Weekly Recipe Recommend: The Fishwife’s Magical Meal – fish, shrimp, tomato, basil, black beans…

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I have SO MUCH to catch up on for the blog because of basically just enjoying life – and bouncing my comments back and forth with actual people (visitors off and on since December 24, at least 6 tea parties and get-togethers since Thanksgiving) – so that the time for describing our happenings to other friends and family has just been too short.  Fun things to tell you about!!  I can’t wait!  But not tonight. 🙂  I have a friend who has been asking for this recipe for a while, and since I made it last night, I need to post a few pictures and the instructions before I move on to the regular storytelling. 🙂  Something else I hope to share in the next few days is my road to recovery from Plantar Fasciitis.  I am going to start the post, detailing what I’m doing for it, and then I will wait til I can verify the results before publishing it.  This is all just to say that I am doing things a bit differently than I was before, and I’ve done more reading on the subject in the hopes of returning to running some time this century. 🙂  You’ll just have to wait, though, to find out what I’m doing, and whether or not it works!

“Magic” has been the name by which my husband refers to this meal, and I modeled it after a meal we ate at The Fishwife in Pacific Grove, CA, so that’s how the title evolved, though in actuality it’s another one of those things for which we really don’t have a name.  I am not trying to brag about the awesomeness of this recipe, especially since it’s one I sort of made up myself, but if you should happen to make this, I think you will agree that it is outstanding.  I only make it about 2-3 times a year, but it is always highly anticipated beforehand and lovingly remembered for the week following.  Here’s my cousin Ben about to dig in — he, his wife, and his three children visited for the day yesterday after not seeing us for over nine years!

about to dig in

about to dig in

So here’s a quick summary before I get into the recipe — it’s my black beans beside a dollop of brown rice (this is how the meal was served to us before), a crispy corn tortilla topped with baked white fish (any sort works) with a delicious creamy tomato-basil seafood sauce to finish it off.  Truly. Magical.

I made a recipe in the Of Tide and Thyme cookbook put out by the Annapolis Junior League (a gift which circulates among Naval Academy graduates and newlyweds in Annapolis) for Salmon with a tomato-basil sauce.  As soon as I tasted it, I knew it was a good place to start for replicating the meal from The Fishwife.  A few months later I set about creating my masterpiece – only because we moved away from Monterey and could no longer dine at The Fishwife. 🙂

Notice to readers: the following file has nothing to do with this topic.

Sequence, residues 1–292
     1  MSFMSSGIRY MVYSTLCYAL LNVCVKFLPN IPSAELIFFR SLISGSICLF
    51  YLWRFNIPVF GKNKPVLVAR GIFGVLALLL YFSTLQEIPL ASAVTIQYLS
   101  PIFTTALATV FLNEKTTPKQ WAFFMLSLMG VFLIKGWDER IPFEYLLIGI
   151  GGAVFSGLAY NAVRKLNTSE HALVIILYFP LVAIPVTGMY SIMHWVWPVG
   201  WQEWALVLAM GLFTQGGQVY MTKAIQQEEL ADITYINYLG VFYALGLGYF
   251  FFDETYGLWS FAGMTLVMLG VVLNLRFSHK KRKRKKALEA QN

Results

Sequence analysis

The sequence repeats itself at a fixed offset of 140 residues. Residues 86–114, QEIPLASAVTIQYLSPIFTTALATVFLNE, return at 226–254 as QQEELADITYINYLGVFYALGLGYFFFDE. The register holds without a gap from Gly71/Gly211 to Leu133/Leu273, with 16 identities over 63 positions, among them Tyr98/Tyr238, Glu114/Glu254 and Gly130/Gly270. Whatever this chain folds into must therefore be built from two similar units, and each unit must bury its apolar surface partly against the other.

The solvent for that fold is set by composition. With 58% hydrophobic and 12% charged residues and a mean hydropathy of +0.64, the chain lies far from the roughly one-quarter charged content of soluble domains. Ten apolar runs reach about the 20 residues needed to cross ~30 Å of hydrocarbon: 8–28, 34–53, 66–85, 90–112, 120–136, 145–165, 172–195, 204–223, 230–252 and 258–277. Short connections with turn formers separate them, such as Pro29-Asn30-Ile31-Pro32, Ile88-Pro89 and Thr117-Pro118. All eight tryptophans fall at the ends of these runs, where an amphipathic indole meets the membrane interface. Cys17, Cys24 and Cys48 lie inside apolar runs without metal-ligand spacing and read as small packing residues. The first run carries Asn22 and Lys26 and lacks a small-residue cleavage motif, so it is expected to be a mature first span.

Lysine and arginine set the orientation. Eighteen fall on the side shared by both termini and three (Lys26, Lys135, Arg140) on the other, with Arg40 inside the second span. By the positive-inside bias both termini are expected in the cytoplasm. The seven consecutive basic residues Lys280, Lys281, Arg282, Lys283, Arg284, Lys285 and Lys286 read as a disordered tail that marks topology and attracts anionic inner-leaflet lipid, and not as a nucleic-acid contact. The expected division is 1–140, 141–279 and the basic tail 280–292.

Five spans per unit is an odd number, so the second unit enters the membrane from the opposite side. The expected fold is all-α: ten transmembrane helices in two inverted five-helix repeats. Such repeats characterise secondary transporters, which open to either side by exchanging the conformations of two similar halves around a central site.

I have done this before making the black beans on the same day, and it’s a little much.  Often now I will wait until I have some in the freezer from a previous meal so I can pull them out the day I need them for this dish.  This time I started the beans the day before by boiling them for hours with some fresh chicken stock (three frozen chicken carcasses from old rotisseries that I just toss in the freezer rather than picking off the rest of the meat once we’ve eaten one for dinner) with a few bones and some skin thrown in.  (Of course I soaked them the night before that.)  I have made the mistake of boiling my beans with a chicken in the past, and then it’s too hard to remove all the chicken pieces because a strainer can’t be used (since that would strain out the beans as well!)  Normally I use ham hocks or a hambone from a family ham for this very reason.  This time I was possibly making it for someone who only eats chicken (no beef or pork) so I went with the chicken.  I made it into stock, strained it, then added the stock to the beans to boil them, adding the extra things like bone and skin to help break down the beans.  I posted my black bean recipe a while back here.

Okay – so the black beans are bubbling away on the stove, all cooked down and seasoned, smelling yummy.  Now it’s time to construct the seafood sauce.  It’s the basic tomato-basil creamy yumminess made into a lobster sauce (usually) by simmering some lobster tails and claws in with the sauce (then removing the meat from the shells and dicing it into the sauce) or by just cooking some shrimp in the sauce like I did last night (hey – it was all I had.)  I have also used lobster stock that I made by boiling lobster shells and pieces and parts from previous meals and then frozen, which of course doesn’t add any yummy lobster meat to the sauce.  Having done this so many different ways, I have found them all to be delicious, so do whatever seems easiest. 🙂  Start out by sauteing the onions in oil until they soften up and are just about translucent.